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    Isaiah Walter - Founder and Owner
    Federation Fire - Internet Solutions
    Isaiahacs@aol.com

  5. #5
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    Isaiah,

    Thanks for the "witness signature" idea! Hadn't thought of that one

    Is it uncommon (or unsafe) to have clients that you can't deal with face to face? I am getting the impression not many do business with distant clients!

    dlee

  6. #6
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    I do a lot of work for clients out of state.

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    suzielopes@yahoo.com
    http://www.cosas-de-enrique.com
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  7. #7
    SitePoint Zealot Isaiah's Avatar
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    I don't think that it is uncommon or unsafe to do business with distant clientele, it just depends on how you personally feel about it. I would, however, take extra steps to ensure that "distant" clients that you cannot meet are good, honest people who will compensate you for your hard work.

    A way of ensuring this is to have the document notarized (like I mentioned earlier) on each end so that he/she cannot come back at you in court and say "I didn't sign that!" (or vice-versa - again, it is a win-win solution). Although it doesn't prove anyone's good nature or honesty, it will ensure that you get paid (and that your client will get his/her web design).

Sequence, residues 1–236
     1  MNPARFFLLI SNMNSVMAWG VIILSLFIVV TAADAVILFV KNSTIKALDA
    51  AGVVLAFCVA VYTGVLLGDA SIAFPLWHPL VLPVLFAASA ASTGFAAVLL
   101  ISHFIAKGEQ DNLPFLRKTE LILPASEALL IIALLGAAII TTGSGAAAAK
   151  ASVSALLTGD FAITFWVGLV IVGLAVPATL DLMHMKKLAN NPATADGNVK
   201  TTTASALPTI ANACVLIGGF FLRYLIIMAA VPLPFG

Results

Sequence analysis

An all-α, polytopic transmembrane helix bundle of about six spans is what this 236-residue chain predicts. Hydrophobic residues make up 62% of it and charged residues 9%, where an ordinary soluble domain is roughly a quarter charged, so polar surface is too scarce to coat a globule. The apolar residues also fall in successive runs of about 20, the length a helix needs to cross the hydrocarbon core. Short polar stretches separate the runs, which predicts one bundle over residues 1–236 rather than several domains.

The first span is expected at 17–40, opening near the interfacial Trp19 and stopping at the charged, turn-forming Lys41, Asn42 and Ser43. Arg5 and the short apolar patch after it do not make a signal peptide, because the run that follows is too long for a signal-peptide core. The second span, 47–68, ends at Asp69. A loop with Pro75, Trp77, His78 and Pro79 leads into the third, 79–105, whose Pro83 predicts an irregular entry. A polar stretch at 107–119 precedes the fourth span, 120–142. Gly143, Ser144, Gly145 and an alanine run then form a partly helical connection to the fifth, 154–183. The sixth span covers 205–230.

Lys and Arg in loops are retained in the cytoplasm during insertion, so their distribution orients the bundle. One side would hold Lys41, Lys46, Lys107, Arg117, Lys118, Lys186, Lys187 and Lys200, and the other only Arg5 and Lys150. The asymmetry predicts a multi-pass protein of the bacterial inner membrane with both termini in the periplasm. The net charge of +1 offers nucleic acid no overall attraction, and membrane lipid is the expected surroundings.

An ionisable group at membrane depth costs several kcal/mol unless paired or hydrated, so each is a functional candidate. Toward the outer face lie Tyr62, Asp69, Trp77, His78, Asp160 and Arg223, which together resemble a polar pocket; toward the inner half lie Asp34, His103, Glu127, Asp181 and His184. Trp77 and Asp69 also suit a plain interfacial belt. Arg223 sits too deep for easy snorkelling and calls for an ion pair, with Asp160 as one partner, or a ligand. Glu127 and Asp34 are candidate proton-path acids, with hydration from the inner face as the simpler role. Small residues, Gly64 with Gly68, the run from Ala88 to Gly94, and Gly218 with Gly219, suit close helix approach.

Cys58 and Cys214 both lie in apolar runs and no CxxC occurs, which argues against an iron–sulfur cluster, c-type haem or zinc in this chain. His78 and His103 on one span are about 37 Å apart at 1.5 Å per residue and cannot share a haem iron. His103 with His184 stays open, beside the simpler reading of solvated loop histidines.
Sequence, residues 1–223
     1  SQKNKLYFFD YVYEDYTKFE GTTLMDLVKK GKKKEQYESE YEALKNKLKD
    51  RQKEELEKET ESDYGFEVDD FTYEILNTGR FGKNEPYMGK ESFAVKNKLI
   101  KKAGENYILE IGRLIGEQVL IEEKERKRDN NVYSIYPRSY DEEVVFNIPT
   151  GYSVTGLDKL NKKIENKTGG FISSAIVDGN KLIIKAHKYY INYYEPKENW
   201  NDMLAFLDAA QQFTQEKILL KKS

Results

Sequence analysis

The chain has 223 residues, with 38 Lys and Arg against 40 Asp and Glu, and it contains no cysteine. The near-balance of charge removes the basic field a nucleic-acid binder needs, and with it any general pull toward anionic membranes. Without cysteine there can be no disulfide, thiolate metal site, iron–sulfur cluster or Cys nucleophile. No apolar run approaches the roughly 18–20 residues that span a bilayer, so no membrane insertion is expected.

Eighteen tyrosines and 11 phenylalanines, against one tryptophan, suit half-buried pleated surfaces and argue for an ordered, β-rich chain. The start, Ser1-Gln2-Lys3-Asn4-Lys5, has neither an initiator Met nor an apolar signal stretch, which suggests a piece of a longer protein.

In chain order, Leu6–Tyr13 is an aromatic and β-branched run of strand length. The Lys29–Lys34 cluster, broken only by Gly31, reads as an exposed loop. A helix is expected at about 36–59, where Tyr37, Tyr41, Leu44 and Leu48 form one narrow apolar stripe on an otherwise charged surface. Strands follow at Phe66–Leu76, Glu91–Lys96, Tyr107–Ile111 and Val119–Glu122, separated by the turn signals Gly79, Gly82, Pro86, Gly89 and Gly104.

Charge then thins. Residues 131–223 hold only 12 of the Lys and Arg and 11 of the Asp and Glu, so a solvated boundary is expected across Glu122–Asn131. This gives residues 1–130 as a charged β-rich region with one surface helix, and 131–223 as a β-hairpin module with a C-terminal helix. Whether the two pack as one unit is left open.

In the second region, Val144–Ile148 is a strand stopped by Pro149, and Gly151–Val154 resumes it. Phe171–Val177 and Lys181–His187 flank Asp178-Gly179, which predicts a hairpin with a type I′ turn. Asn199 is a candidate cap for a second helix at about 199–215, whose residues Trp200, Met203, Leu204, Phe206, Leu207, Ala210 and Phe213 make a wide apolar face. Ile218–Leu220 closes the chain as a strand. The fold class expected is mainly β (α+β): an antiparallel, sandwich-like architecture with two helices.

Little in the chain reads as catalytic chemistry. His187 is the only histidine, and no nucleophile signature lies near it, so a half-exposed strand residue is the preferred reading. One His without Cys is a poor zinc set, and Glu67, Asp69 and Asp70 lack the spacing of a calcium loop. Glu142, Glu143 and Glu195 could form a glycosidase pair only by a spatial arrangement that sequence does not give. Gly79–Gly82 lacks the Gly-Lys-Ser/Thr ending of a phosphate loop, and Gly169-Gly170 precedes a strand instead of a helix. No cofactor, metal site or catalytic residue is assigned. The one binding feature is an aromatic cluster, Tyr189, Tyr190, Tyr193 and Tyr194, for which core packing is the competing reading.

Personally, I have chosen to do the majority of my business locally. The reason for this is that the county seat (about 15 minutes from my country home) has a population of well over 30,000 people and hundreds of business. The nice thing is that a rather large majority of the businesses do not even having a web site, but are interested in getting on the web.

    Another reason is that the "other" local designers call themselves "professionals" yet use rainbow backgrounds on their business web sites that don't give an air of professionalism at all. See what I mean: http://www.vang.com/

    Anyway, I will stop my rambling now. Anyone else want to comment?

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    Isaiah Walter - Founder and Owner
    Federation Fire - Internet Solutions
    Isaiahacs@aol.com

  8. #8
    SitePoint Wizard TWTCommish's Avatar
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    I think it makes things much easier to work for someone you can actually talk to face to face, or speak with on the phone (although I suppose in this case you still could; something I'd highly recommend)...if they company seems serious and you've talked to this person on the phone once or twice, then go for it...just make sure the contract isn't too binding for you I suppose!

    As for delivery; I cast my vote for whatever the client wants; leaving the decision up to him is probably the best thing to do.


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  9. #9
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    Most of my clients are at least 6 hours a way. Iíve traveled to meet with some. Well others itís strictly telecommuting. I usually sign my contract and FAX it to the client. Who then signs it and faxes it back to me. I always ask for the client to send me the original signed version with the deposit by mail/fedex.